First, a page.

Special daytime concerts for children in grades K-5 will culminate Oct. 1 with a 7:30 p.m. general admission performance by the Starkville-Mississippi State University Symphony Association.
Five days and counting. On Friday, two-time Grammy winner Jason Mraz will be the main attraction when Starkville's Cotton District is transformed by Bulldog Bash. Billed as the largest free concert in Mississippi, the Bash estimates about 35,000 visitors will flock to festivities the night before Mississippi State University's matchup with Georgia.
Dr. Kim Whitehead, of Mississippi University for Women's Department of Languages, Literature and Philosophy, will be the guest speaker at the Sept. 22 Friends of the Columbus-Lowndes Public Library's discussion of Mississippi authors.
On Monday, Sept. 27, the air in Pohl Gymnasium on the Mississippi University for Women campus will pulsate with intense Latin rhythms. The entertaining event on tap is a two-hour zumba party to benefit the Columbus-Lowndes Humane Society.
Four nights at the five-star Casablanca Hotel, two Broadway plays, dinner at L'Ecole, drinks at Sardi's, brunch at the Essex House, limo transfers, plane fare for two, and more. All for $100? Yes, for the lucky winner of the Columbus Arts Council's New York trip raffle.
Documentary filmmaker and Rolling Fork native William "Willy" Bearden will premiere his first narrative feature film in six cities throughout Mississippi. "One Came Home" will premiere at Malco Theater in Columbus Wednesday, Sept. 22, at 7 p.m.
In celebration of the national touring exhibition "The Age of Progressive Reform: Creating Modern America, 1900-1917" currently open at the Columbus-Lowndes Public Library, Dr. Anne Marshall will present "The Progressive Era: A Search for Order" Thursday Sept. 23 at 2 p.m. in the library meeting room.
Mississippi State University's 2010-11 Lyceum Series opens Oct. 5 with Grammy-winning guitarist Earl Klugh, followed by a myriad of musical talent from the Dance Theatre of Harlem Ensemble to Montana Repertory Theatre's "Bus Stop."
Mississippi University for Women's Center for Academic Excellence, formerly known as academic advising, is prepared to help all MUW students succeed.
Like any noble, but aging, grand lady, the 135-year-old Tennessee Williams Welcome Center at 300 Main St. in Columbus had earned a bit of doting attention. While closed to the public from May until earlier this month, that is exactly what it got -- inside and out.
Thomas Easterling, an English teacher at Mississippi School for Mathematics and Science, won first place in the Tennessee Williams Stella Shouting Contest.
When Charles Waldron came to Mitchell Engineering Co. (later CECO Corp.) in Columbus in 1965 as general sales manager, he had no way of knowing some of the colleagues he met that year would be helping him blow out birthday candles 45 years later.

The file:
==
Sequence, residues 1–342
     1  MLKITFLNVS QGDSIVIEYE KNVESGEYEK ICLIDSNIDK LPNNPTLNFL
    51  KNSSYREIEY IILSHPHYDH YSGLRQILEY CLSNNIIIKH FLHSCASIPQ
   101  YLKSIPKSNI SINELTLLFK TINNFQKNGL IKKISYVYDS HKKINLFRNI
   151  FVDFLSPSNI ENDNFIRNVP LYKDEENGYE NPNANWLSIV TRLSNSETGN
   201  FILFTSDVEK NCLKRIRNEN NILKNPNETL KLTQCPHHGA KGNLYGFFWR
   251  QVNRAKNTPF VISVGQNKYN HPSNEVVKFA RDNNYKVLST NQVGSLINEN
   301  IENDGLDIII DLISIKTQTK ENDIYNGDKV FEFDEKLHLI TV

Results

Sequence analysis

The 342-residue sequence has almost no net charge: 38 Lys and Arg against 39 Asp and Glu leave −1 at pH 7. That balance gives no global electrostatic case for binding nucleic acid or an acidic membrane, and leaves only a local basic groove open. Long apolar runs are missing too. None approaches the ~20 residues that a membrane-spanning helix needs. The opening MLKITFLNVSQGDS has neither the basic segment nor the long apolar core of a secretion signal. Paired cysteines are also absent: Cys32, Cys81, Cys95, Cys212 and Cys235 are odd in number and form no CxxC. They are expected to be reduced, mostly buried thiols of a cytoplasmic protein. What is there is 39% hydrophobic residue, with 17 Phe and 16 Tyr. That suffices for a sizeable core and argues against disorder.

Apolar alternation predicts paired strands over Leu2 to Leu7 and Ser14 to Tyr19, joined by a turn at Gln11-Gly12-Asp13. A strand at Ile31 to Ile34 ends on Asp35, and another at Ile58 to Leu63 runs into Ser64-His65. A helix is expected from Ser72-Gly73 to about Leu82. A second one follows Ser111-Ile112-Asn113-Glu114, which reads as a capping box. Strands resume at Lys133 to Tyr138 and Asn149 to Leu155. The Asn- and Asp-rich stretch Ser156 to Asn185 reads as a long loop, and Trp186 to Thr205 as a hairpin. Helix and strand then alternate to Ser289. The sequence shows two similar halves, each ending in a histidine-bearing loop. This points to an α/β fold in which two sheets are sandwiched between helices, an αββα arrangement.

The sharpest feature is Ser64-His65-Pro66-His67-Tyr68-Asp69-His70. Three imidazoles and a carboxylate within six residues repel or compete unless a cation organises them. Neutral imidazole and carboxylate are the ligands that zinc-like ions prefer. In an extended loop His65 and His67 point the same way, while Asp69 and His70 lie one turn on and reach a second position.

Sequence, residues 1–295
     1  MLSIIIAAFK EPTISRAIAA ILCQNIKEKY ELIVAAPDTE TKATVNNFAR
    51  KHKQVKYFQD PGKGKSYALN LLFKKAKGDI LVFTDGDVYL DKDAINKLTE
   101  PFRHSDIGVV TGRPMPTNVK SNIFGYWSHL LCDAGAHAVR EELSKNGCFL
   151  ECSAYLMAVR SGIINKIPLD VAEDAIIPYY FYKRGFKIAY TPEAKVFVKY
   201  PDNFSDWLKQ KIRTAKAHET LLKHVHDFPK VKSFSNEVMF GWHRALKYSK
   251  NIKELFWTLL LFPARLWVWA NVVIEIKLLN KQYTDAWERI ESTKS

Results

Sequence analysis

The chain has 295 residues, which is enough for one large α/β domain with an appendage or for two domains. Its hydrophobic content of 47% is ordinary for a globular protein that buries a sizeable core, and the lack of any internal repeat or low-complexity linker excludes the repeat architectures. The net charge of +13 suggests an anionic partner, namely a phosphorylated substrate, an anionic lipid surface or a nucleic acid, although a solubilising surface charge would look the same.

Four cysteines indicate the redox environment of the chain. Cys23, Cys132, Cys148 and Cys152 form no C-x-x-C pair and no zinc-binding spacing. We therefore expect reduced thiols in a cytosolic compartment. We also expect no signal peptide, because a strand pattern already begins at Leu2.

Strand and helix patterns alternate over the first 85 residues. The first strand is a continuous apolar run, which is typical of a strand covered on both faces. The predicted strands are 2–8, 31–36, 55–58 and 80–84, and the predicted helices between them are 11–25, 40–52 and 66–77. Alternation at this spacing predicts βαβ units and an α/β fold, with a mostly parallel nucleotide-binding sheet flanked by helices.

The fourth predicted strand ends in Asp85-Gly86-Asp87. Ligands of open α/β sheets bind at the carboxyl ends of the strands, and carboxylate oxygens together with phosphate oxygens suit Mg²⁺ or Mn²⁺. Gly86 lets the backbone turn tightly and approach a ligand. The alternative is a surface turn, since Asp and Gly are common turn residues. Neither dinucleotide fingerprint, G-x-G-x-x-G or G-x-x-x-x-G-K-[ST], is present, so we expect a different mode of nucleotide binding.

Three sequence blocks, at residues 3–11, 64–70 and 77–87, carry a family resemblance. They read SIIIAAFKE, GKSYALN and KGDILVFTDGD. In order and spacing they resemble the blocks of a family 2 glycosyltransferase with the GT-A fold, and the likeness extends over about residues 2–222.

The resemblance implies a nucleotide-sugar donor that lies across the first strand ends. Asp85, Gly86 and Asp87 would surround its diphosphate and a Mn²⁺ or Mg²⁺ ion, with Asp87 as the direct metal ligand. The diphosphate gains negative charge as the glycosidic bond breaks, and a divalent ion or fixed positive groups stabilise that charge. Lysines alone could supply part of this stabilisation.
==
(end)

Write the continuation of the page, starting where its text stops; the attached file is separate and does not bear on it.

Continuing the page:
The Columbus Arts Council and Starkville Area Arts Council are sharing artistic talent this month. In a mutual exchange, each arts organization is displaying two- and three-dimensional work from the other.
On Monday, the HEARTS After-School Reading Program opens its doors to Columbus students and begin its ninth year of service to the community. The tutoring ministry for children from kindergarten to fourth grade who need that bit of extra help will focus on a yearlong theme: "Inch by Inch -- Reading is a Cinch."
One thousand bowls. That's the goal organizer Al (Alisa) Holen has set for the second annual Empty Bowls event in Columbus Nov. 6. "That's double last year's count," said the Mississippi University for Women ceramics instructor.
Dr. Gerry Jeffcoat and Bobby Cooper are pretty sure they were born a century or so too late.
The atmosphere was almost religious Thursday at the grand opening of the newly renovated Tennessee Williams Welcome Center in downtown Columbus.
After two and a half years of "straight work," Michael Smith and his wife, Sabrea, look forward to sharing their restored 1878 Victorian home at 1301 Third Avenue North with visitors on the Tennessee Williams Tribute Tour of Victorian Homes Sunday, Sept. 12. They join Betty Miller, opening her circa 1900s cottage, and Scott and Helen Pridmore's circa 1880 home, both on College Street, on the 2-5 p.m. tour.
In the morning quiet, Pastor Tom Bryson can stand in the sanctuary of First Presbyterian Church in Columbus and marvel as the rising sun creates a rainbow in that peaceful space. The new phenomenon is thanks to a striking stained glass window designed by Joseph Beyer of Philadelphia, Pa., and installed by Beyer Studio craftsmen in August.
The life, times and works of the late Tennessee Williams will be explored in free scholars' talks Sept. 10-11 at Carrier Chapel on the campus of Mississippi University for Women.